Australians sue Delhi over unpaid Games bills

Delhi Commonwealth Games opening ceremony in October 2010 The 2010 Games were plagued by claims of shoddy construction and dubious payments to contractors

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An Australian firm has threatened to sue the Delhi Commonwealth Games organising committee for non-payment of hundreds of thousands of dollars.

The company said it had not been paid for the opening and closing ceremonies, which were held on 3 and 14 October.

Indian Foreign Minister SM Krishna, who is visiting Australia, has pledged to take up the issue when he returns home.

Firms from Europe are also reportedly chasing millions of dollars in unpaid bills from Delhi.

Ric Birch - whose Sydney-based firm, Spectak, helped plan the opening and closing ceremonies - says it is owed A$350,000 ($350,000; £220,000) in unpaid bills.

Class action

He told the Australian Broadcasting Corporation that he had instructed lawyers to launch a class action against the Games organisers. And he said that his was not the only firm chasing unpaid bills from Delhi.

"There were up to 15 other companies involved with the opening ceremony and many more companies involved with the Commonwealth Games overall.

Start Quote

It has been brought to my notice and I would go back to India and take it up with the ministry of sports”

End Quote SM Krishna Foreign Minister

"None of the companies have received their payments, which were due under contract by the end of October."

Firms from Britain, France and Germany are also owed millions of dollars in unpaid bills, unnamed officials have told AFP news agency.

They said that Belgian, Dutch and South-East Asian companies were also affected.

UK diplomats told AFP that a broadcasting company, SIS Live, was lobbying the British High Commission to help it collect 30% of unpaid fees it says it is owed for transmitting the Games' TV coverage.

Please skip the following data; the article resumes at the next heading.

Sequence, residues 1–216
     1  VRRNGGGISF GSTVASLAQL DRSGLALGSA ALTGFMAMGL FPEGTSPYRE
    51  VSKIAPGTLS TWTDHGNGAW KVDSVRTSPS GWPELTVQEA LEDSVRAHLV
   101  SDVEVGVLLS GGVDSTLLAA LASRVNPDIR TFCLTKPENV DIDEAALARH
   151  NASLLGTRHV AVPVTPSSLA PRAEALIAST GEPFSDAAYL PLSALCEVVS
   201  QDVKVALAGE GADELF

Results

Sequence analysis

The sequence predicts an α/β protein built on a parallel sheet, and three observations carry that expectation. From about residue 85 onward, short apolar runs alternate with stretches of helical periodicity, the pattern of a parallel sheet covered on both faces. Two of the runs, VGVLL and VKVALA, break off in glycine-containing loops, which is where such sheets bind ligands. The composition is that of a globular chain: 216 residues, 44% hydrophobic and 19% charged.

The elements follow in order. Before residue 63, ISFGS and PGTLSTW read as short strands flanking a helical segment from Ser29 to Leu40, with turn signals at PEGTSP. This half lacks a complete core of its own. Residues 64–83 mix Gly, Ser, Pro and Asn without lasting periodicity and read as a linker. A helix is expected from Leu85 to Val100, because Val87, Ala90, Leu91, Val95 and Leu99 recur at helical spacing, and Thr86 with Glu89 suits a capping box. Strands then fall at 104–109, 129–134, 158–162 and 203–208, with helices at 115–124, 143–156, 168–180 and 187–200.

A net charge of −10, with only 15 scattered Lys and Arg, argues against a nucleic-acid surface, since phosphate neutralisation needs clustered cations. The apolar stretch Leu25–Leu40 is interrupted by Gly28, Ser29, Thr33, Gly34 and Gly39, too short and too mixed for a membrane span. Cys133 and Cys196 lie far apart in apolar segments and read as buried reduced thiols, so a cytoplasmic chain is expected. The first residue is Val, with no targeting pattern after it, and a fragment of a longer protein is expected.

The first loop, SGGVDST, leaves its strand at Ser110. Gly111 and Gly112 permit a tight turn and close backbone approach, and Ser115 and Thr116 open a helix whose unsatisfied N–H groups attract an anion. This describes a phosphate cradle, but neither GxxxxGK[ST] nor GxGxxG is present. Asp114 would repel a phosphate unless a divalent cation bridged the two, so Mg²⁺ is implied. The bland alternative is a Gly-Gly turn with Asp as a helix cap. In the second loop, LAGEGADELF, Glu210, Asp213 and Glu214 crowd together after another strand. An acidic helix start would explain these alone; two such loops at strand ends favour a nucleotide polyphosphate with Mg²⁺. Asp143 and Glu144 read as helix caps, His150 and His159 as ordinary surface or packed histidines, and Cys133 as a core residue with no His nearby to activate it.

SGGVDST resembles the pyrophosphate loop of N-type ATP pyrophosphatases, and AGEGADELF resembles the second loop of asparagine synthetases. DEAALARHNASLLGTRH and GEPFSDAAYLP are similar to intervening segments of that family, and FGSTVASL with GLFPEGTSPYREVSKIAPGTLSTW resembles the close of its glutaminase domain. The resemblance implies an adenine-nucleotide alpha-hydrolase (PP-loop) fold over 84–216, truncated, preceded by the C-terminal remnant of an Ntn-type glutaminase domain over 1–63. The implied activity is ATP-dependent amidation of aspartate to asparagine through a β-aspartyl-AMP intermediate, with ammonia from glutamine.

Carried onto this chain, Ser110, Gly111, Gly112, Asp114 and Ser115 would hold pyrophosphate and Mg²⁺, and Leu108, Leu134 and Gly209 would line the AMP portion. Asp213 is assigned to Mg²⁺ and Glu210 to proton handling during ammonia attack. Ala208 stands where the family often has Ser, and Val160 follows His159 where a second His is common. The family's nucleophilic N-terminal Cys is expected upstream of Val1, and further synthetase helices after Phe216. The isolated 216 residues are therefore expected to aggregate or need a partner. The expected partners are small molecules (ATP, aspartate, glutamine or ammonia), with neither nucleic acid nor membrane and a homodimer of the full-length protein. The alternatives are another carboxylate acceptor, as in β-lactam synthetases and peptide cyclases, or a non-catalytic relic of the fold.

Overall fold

It is believed that some companies have, over a period of several months, been lobbying the organising committee to pay up and that about 250 containers of games equipment remain stuck in Delhi.

Experts say that there are two categories of companies: those who have fulfilled their contractual obligations and will eventually be paid and those whose contractual obligations are in dispute and who have, as a result, launched legal action.

Sleaze allegations

India's foreign minister said he would deal with the matter as soon as possible after his return to India.

"It has been brought to my notice and I would go back to India and take it up with the ministry of sports," news agency Press Trust of India quoted Mr Krishna as telling a news conference in the Australian city of Melbourne.

Lalit Bhanot, secretary general of the organising committee, told AFP in Delhi on Thursday: "Last time we told [the Games accountants] to pay everything in full that is due under all agreements.

"Now we will check what is the position and what is the problem if there is one."

The Delhi Commonwealth Games was overshadowed by revelations of sleaze, incompetence and missed construction deadlines.

The budget for the event ballooned to an estimated $6bn - with the Central Vigilance Commission receiving complaints alleging that up to $1.8bn of Games money was misappropriated.

Earlier this month, India's top investigative agency questioned the organising committee chief Suresh Kalmadi. He denies any wrongdoing.

He quit a Congress party position in November, weeks after the government ordered a probe into the alleged scam.

Two other senior officials from the organising committee were arrested on charges of forgery and cheating over the awarding of contracts before the event.

Last month, Mr Kalmadi's homes in the capital, Delhi, and in the western town of Pune, were raided by investigators.

Investigators also raided about a dozen locations, including the homes of organising committee secretary general, and the director general VK Verma.

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